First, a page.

The remarkable documentary “October Country,” co-directed by Donal Mosher and his life partner Michael Palmieri, chronicles a year in the lives of Mosher’s family, capturing some very intense moments as they eke out working-class existences while wrestling with personal demons.
By turns despairing and life-affirming, this remarkable film is a lyrical portrait of a family of modest means struggling with psychological, physical, and sexual abuse in upstate New York’s Mohawk Valley.
Mosher began “October Country” as a photo/ essay project, and the film grew out of that endeavor. “My family’s lives are a mystery to me,” he said in a recent phone interview. “They still break my heart.”
Viewers will be fascinated by what unfolds. Mosher’s father, Don, suffers from post-traumatic stress disorder, and is estranged from his sister Denise, who lives as a witch. Donal’s mother, Dottie, takes in foster kids, but they continually disappoint her. His sister Donna and her daughter Daneal both experienced physical abuse at the hands of lovers, and each had children at a young age. Desi, Donna’s youngest, is a wise-beyond-her-years pre-teen, hoping to break the family cycle.
Mosher loves his family and is close to them, yet he chose not to appear in the film, save for a few off-camera moments when he’s talking to Desi.
“I don’t live there, and haven’t for some time,” Mosher explained. “The interaction between my parents, siblings, and myself wasn’t compelling. My family speak for themselves. There are moments that are so powerful that to change the emphasis to the outside son coming in would upset the dynamics that would take place when I’m not around.”
Yet Mosher’s “insider” perspective certainly informed “October Country.” He knew what stories would make for a good film, and when to turn the camera off.
“There is a lot of private material,” he said. “We could have gone into it more and deeper, but you could feel people becoming uncomfortable.”
Palmieri was initially nervous about filming his partner’s family, but over time grew more comfortable with the project.
“We hit it off really well,” he said. “They were open, and accustomed to Donal photographing them. In the end, it was a total collaboration between the family and us.”
Though he had an “outsider” status — and grew up in a solidly middle class family — Palmieri was embraced by the Moshers. “They’ve adopted me into the family; they are my extended family,” he said.
Mosher agreed. “Because Mike and I were dating, the same trust they have for me, they extended to him,” he explained. “They took Mike in because they saw my struggle.”
Mosher recounted his father’s wry reaction when the filmmaker came out to him: “Good! No illegitimate kids coming from you!”
Both Mosher and Palmieri think their sexuality helped them relate to the Mosher family and their problems.
“There is a certain amount of empathy that one has when you come from the outside,” Palmieri said. “Being gay and coming out at 26, I hid a lot of my identity and I struggled with that. When you get past that point, that constraint, you learn about the oppressor. Having that perception — of seeing problems that hold other people down — you understand [being] at the margins.”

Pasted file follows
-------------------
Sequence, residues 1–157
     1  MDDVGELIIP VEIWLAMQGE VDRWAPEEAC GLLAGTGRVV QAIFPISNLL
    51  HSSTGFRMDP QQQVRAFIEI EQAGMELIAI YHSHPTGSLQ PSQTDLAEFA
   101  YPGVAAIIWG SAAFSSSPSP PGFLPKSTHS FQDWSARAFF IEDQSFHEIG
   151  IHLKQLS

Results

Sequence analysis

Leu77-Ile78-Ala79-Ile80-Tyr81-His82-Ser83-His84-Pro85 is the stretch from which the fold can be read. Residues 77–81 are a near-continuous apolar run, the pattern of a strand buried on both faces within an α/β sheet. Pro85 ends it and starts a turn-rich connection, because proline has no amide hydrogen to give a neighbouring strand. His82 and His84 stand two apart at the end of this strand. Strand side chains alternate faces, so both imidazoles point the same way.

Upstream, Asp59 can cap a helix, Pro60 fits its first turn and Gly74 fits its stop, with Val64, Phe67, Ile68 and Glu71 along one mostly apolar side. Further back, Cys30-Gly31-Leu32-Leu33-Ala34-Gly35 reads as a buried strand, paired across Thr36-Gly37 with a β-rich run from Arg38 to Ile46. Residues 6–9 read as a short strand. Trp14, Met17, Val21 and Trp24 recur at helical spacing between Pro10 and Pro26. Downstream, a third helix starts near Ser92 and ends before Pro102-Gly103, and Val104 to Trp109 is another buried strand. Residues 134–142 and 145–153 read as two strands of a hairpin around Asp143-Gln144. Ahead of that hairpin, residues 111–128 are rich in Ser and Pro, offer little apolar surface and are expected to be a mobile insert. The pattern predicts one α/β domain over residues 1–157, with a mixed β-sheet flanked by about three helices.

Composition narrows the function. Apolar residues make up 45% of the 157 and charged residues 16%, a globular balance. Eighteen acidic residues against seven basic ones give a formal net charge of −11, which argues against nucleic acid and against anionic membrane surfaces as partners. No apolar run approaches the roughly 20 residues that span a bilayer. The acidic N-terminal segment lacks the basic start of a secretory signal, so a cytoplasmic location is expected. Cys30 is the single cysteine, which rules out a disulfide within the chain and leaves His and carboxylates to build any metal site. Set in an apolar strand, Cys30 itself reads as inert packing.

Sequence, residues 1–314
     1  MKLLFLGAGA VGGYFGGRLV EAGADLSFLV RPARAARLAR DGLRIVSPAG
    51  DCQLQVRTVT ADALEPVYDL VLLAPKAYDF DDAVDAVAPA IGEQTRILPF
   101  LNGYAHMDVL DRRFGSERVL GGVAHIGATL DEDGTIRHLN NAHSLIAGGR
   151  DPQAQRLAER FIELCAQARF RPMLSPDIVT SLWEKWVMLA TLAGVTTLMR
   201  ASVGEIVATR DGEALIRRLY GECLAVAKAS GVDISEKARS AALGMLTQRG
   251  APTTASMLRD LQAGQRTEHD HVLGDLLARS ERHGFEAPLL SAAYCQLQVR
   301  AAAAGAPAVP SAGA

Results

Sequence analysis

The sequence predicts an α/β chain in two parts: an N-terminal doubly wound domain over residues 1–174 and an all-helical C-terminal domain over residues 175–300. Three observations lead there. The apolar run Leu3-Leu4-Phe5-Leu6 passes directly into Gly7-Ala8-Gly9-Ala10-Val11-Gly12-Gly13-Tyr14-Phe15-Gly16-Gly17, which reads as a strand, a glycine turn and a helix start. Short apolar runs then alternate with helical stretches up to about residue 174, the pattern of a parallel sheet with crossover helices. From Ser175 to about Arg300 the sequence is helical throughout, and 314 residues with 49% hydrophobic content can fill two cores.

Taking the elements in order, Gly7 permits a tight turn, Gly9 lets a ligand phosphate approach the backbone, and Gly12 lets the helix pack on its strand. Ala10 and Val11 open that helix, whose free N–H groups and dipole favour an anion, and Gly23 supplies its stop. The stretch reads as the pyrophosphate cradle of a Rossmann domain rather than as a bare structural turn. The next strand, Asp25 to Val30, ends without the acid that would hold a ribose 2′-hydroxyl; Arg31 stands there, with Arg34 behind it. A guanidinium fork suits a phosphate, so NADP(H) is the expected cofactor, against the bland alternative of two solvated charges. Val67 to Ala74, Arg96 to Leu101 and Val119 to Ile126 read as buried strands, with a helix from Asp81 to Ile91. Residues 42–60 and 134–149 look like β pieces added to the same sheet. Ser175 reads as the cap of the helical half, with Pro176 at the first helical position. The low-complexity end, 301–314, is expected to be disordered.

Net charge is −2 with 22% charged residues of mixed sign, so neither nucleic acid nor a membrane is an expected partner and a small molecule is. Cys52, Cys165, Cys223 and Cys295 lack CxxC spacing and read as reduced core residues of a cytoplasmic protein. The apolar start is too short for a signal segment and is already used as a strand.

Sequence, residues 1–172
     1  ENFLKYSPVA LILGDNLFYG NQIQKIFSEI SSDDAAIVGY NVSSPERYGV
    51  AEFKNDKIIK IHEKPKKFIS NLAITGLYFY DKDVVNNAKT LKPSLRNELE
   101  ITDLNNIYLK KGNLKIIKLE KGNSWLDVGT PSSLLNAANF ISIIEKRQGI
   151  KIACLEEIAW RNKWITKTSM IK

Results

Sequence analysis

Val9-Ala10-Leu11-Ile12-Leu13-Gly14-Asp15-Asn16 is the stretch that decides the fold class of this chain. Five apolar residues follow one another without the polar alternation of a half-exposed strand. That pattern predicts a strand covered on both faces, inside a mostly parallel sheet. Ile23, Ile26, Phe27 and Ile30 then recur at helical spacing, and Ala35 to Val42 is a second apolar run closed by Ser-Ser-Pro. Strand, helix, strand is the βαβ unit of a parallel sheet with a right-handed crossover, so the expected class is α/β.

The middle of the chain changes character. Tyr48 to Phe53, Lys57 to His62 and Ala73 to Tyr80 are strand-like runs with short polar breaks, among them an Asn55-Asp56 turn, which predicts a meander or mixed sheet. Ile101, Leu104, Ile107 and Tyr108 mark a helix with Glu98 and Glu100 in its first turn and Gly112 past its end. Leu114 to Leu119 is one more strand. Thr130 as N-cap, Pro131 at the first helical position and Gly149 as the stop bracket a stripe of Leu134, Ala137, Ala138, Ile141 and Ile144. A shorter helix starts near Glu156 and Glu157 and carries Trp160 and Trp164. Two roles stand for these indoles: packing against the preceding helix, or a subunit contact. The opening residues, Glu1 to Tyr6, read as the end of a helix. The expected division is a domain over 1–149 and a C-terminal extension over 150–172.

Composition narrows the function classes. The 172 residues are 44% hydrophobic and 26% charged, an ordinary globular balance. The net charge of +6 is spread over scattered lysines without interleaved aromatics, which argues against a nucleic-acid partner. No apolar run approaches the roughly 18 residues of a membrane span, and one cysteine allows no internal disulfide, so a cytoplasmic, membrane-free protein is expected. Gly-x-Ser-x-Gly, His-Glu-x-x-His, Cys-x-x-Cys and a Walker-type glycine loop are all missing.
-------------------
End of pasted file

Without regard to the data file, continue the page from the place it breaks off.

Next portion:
Mosher echoed this sentiment. “Being gay, being outsiders — and powerless against the forces stacked against you — that empathy keeps us going and able to fight forces bigger than we are,” he said.
“October Country” presents the family grappling with some heart-wrenching moments. When Dottie’s foster son Chris betrays her, she is devastated. Likewise, an episode in which Daneal is confronted with some harsh truths about her father is quite painful.
In both of these scenes, Palmieri wanted to comfort the people he was filming. Instead, he judiciously shot and edited the scenes without exploiting their emotions. The filmmaker said he was grateful for the Mosher women’s generosity in allowing him to document these difficult moments in their lives.
Mosher admitted he felt “parasitical” at times when his family members were suffering. “I wanted to protect my mom, but you can’t,” he said. “She’ll always set herself up for the pain and take the small rewards she gets. It sets a negative example for her daughter and granddaughter who set themselves up for emotional pain and then face the consequences.”
Still, for everyone –– the family, the filmmakers, and hopefully the viewers as well –– there is something therapeutic about “October Country.” The Moshers, Palmieri said, “want to reveal themselves. They were very open to the way we framed them and gave them a chance to speak. In many ways, it is bearing witness. It’s a first step toward understanding.”
Added Mosher, whose family members have attended screenings, “See[ing] an audience respond to their lives, they get a validation that they might otherwise not have. There are questions about the value of this being therapeutic, but because we’re close, we are in a dialogue about it as the film moves into the public.”
“October Country” is sure to have viewers talking — and raving.
Directed by Michael Palmieri
and Donal Mosher
Opens Feb. 12
323 Sixth Ave. at W. Third St.